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Amanda Nguyen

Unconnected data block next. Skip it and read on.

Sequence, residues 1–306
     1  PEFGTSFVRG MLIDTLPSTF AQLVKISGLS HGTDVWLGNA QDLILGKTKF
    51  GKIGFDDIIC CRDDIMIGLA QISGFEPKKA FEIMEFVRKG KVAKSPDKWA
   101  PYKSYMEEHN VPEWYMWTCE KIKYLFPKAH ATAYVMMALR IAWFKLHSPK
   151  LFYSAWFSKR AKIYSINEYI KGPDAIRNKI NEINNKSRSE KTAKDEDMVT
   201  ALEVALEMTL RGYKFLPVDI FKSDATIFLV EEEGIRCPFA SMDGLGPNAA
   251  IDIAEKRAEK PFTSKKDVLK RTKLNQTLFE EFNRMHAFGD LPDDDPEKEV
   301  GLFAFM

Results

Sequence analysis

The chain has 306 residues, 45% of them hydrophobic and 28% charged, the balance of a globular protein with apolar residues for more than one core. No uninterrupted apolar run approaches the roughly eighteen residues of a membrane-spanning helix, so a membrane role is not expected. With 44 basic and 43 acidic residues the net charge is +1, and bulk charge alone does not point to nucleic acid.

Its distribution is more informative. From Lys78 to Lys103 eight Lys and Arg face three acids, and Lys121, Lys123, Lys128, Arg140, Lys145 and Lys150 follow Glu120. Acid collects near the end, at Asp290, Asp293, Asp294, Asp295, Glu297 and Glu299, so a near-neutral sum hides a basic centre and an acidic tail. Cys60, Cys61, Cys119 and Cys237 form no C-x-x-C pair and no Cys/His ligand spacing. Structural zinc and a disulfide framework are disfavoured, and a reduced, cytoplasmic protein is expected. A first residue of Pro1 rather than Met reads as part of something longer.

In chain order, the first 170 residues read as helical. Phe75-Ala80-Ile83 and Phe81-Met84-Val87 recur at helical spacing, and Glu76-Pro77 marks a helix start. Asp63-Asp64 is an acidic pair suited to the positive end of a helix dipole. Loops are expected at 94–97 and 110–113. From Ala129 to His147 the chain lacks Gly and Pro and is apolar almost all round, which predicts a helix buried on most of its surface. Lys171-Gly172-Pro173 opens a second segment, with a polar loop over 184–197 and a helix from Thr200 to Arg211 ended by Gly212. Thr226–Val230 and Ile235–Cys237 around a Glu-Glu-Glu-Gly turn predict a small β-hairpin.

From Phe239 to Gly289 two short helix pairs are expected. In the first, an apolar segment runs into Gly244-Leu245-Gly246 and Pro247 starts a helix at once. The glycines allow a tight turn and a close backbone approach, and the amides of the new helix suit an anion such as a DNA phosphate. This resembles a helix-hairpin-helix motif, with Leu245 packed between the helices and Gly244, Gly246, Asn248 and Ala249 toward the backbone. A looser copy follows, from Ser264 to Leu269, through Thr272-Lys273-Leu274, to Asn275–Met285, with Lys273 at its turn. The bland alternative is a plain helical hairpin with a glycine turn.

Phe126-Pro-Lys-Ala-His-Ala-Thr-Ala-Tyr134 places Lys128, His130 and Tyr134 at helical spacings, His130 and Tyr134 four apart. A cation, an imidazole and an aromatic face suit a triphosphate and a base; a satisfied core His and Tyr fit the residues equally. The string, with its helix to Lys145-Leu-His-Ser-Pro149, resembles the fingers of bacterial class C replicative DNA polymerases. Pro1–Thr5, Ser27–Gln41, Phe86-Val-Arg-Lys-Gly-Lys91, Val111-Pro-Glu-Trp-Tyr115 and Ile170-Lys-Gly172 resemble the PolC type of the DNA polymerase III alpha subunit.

For survivors of sexual assault, pressing charges can be a terrifying and confusing process. In some states, survivors have been billed for their rape exams, despite a federal law intended to prevent that. In others, those kits have been thrown out after six months—well before many survivors are ready to press charges. Activist Amanda Nguyen learned this the hard way. After she was raped in her Harvard dorm room in 2013 and forced to navigate what she calls a “legal labyrinth” to seek justice, Nguyen founded Rise, a nonprofit that seeks to legally empower victims of sexual assault. To date, it has helped pass over 25 state and federal laws codifying civil rights—by requiring, for example, that rape-kit procedures be made clear—for more survivors of sexual violence. And Nguyen, who was nominated for a 2019 Nobel Peace Prize, has sage advice for other young people confronted with injustice: “The most powerful tool we have is our voice.” —Abby Vesoulis

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